ExtendedKalmanFilter

Introduction and Overview

Implements a extended Kalman filter. For now the best documentation is my free book Kalman and Bayesian Filters in Python [1]

The test files in this directory also give you a basic idea of use, albeit without much description.

In brief, you will first construct this object, specifying the size of the state vector with dim_x and the size of the measurement vector that you will be using with dim_z. These are mostly used to perform size checks when you assign values to the various matrices. For example, if you specified dim_z=2 and then try to assign a 3x3 matrix to R (the measurement noise matrix you will get an assert exception because R should be 2x2. (If for whatever reason you need to alter the size of things midstream just use the underscore version of the matrices to assign directly: your_filter._R = a_3x3_matrix.)

After construction the filter will have default matrices created for you, but you must specify the values for each. It’s usually easiest to just overwrite them rather than assign to each element yourself. This will be clearer in the example below. All are of type numpy.array.

References

[1]Labbe, Roger. “Kalman and Bayesian Filters in Python”.
github repo:
https://github.com/rlabbe/Kalman-and-Bayesian-Filters-in-Python
read online:
http://nbviewer.ipython.org/github/rlabbe/Kalman-and-Bayesian-Filters-in-Python/blob/master/table_of_contents.ipynb
PDF version (often lags the two sources above)
https://github.com/rlabbe/Kalman-and-Bayesian-Filters-in-Python/blob/master/Kalman_and_Bayesian_Filters_in_Python.pdf

Copyright 2015 Roger R Labbe Jr.

FilterPy library. http://github.com/rlabbe/filterpy

Documentation at: https://filterpy.readthedocs.org

Supporting book at: https://github.com/rlabbe/Kalman-and-Bayesian-Filters-in-Python

This is licensed under an MIT license. See the readme.MD file for more information.

class filterpy.kalman.ExtendedKalmanFilter(dim_x, dim_z, dim_u=0)[source]
__init__(dim_x, dim_z, dim_u=0)[source]

Extended Kalman filter. You are responsible for setting the various state variables to reasonable values; the defaults below will not give you a functional filter.

Parameters:

dim_x : int

Number of state variables for the Kalman filter. For example, if you are tracking the position and velocity of an object in two dimensions, dim_x would be 4.

This is used to set the default size of P, Q, and u

dim_z : int

Number of of measurement inputs. For example, if the sensor provides you with position in (x,y), dim_z would be 2.

predict_update(z, HJacobian, Hx, args=(), hx_args=(), u=0)[source]

Performs the predict/update innovation of the extended Kalman filter.

Parameters:

z : np.array

measurement for this step. If None, only predict step is perfomed.

HJacobian : function

function which computes the Jacobian of the H matrix (measurement function). Takes state variable (self.x) as input, along with the optional arguments in args, and returns H.

Hx : function

function which takes as input the state variable (self.x) along with the optional arguments in hx_args, and returns the measurement that would correspond to that state.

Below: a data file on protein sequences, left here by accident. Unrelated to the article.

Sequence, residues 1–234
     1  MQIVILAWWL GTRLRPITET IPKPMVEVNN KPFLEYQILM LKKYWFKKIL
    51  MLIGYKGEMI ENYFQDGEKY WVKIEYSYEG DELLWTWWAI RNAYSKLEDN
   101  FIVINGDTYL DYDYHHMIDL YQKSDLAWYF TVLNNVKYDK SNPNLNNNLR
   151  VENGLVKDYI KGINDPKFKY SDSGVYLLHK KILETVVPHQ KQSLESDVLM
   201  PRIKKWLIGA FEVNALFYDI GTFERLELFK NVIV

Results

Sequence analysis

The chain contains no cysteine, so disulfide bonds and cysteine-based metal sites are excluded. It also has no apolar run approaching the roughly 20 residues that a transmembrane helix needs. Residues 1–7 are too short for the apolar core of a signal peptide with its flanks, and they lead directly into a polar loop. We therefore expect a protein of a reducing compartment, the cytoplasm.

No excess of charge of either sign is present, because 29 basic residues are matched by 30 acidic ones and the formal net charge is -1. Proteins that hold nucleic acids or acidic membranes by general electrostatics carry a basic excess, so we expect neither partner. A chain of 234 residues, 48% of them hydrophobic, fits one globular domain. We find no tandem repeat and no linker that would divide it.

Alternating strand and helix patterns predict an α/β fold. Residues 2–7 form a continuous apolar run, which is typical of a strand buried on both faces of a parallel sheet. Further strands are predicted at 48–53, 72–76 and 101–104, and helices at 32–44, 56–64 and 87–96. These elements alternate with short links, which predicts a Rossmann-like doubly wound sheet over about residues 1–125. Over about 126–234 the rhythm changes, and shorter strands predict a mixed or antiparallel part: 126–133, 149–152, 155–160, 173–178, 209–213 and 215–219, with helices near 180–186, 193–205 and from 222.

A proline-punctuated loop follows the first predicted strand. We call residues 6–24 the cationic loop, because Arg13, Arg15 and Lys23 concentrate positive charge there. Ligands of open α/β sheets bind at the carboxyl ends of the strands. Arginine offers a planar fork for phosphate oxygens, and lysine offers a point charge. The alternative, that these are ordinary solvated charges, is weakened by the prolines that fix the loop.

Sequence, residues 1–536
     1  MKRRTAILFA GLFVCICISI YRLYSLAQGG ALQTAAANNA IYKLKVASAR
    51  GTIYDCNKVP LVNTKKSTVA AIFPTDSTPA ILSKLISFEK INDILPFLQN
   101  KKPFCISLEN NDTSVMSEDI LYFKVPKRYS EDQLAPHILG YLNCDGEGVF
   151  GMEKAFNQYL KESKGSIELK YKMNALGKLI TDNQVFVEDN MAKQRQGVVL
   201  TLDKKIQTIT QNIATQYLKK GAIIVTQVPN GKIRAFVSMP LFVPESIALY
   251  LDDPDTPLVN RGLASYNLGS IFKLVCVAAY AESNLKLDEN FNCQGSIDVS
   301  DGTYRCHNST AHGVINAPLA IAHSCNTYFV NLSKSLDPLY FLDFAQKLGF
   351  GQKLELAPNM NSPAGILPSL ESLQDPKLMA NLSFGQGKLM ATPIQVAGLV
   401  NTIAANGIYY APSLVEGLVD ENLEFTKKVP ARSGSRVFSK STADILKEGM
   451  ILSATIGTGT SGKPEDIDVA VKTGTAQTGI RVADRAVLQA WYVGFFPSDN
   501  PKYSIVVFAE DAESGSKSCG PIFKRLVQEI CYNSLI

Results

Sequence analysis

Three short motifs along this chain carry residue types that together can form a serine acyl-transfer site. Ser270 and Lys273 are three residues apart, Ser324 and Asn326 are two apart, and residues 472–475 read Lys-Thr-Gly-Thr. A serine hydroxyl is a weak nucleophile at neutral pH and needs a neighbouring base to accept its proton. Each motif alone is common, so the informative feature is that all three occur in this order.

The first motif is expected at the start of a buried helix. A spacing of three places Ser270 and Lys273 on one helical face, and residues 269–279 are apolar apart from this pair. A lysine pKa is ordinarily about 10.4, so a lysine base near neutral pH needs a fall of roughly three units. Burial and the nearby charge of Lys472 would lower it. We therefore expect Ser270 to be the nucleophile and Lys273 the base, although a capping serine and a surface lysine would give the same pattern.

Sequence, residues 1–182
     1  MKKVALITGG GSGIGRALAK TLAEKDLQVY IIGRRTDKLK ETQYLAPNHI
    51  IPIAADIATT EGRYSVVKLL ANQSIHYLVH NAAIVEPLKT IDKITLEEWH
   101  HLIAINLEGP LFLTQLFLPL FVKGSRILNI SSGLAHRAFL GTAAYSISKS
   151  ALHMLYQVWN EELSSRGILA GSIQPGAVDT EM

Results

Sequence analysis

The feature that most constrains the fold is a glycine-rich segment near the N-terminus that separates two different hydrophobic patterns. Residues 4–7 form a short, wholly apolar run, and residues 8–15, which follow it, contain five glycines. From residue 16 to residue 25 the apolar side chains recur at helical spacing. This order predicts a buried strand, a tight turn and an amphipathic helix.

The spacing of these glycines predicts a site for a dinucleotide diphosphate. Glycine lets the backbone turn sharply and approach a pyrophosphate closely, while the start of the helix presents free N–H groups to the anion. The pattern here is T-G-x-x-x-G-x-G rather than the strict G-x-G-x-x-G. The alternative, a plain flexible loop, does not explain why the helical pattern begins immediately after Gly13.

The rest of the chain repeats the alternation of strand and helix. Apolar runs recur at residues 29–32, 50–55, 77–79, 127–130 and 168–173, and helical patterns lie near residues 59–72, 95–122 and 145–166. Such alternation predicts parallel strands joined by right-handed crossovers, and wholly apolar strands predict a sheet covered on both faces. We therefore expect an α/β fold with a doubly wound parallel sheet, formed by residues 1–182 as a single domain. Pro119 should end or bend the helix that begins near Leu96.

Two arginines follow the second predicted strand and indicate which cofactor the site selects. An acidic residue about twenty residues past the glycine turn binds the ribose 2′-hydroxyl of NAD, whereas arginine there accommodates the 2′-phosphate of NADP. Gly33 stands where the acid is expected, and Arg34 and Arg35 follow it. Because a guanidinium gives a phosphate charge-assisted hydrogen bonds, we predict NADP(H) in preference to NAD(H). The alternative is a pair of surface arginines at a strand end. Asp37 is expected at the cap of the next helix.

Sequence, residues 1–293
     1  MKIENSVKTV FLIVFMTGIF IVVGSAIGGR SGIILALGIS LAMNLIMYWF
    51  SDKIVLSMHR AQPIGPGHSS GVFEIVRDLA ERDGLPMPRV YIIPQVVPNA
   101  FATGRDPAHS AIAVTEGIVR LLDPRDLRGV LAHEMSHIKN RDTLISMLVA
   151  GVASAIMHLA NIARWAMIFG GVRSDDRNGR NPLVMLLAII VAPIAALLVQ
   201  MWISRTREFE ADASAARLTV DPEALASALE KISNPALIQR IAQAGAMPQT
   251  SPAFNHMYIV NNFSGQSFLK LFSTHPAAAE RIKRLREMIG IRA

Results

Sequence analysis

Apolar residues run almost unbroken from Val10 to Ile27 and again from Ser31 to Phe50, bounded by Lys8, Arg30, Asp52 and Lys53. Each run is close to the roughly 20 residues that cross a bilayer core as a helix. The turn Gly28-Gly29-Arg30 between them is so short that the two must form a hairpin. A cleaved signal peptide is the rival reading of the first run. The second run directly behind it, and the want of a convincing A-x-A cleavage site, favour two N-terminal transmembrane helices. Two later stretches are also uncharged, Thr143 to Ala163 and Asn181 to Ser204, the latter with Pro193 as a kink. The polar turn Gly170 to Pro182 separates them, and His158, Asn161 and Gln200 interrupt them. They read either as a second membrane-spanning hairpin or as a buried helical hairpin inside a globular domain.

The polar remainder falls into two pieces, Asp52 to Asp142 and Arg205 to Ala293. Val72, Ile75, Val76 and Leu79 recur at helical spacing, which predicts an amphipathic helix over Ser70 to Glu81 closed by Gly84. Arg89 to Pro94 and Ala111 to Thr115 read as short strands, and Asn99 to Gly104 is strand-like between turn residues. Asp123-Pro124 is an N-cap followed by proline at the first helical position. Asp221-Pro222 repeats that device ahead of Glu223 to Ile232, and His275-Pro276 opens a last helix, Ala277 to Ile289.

args : tuple, optional, default (,)

arguments to be passed into HJacobian after the required state variable.

hx_args : tuple, optional, default (,)

arguments to be passed into Hx after the required state variable.

u : np.array or scalar

optional control vector input to the filter.

update(z, HJacobian, Hx, R=None, args=(), hx_args=(), residual=<Mock name='mock.subtract' id='139705473714448'>)[source]

Performs the update innovation of the extended Kalman filter.

Parameters:

z : np.array

measurement for this step. If None, only predict step is perfomed.

HJacobian : function

function which computes the Jacobian of the H matrix (measurement function). Takes state variable (self.x) as input, returns H.

Hx : function

function which takes as input the state variable (self.x) along with the optional arguments in hx_args, and returns the measurement that would correspond to that state.

R : np.array, scalar, or None

Optionally provide R to override the measurement noise for this one call, otherwise self.R will be used.

args : tuple, optional, default (,)

arguments to be passed into HJacobian after the required state variable. for robot localization you might need to pass in information about the map and time of day, so you might have args=(map_data, time), where the signature of HCacobian will be def HJacobian(x, map, t)

hx_args : tuple, optional, default (,)

arguments to be passed into Hx function after the required state variable.

residual : function (z, z2), optional

Optional function that computes the residual (difference) between the two measurement vectors. If you do not provide this, then the built in minus operator will be used. You will normally want to use the built in unless your residual computation is nonlinear (for example, if they are angles)

predict_x(u=0)[source]

predicts the next state of X. If you need to compute the next state yourself, override this function. You would need to do this, for example, if the usual Taylor expansion to generate F is not providing accurate results for you.

predict(u=0)[source]

Predict next position.

Parameters:

u : np.array

Optional control vector. If non-zero, it is multiplied by B to create the control input into the system.

Q

Process uncertainty matrix

P

state covariance matrix

R

measurement uncertainty

F

State Transition matrix

B

control transition matrix

x

state estimate vector

K

Kalman gain

y

measurement residual (innovation)

S

system uncertainty in measurement space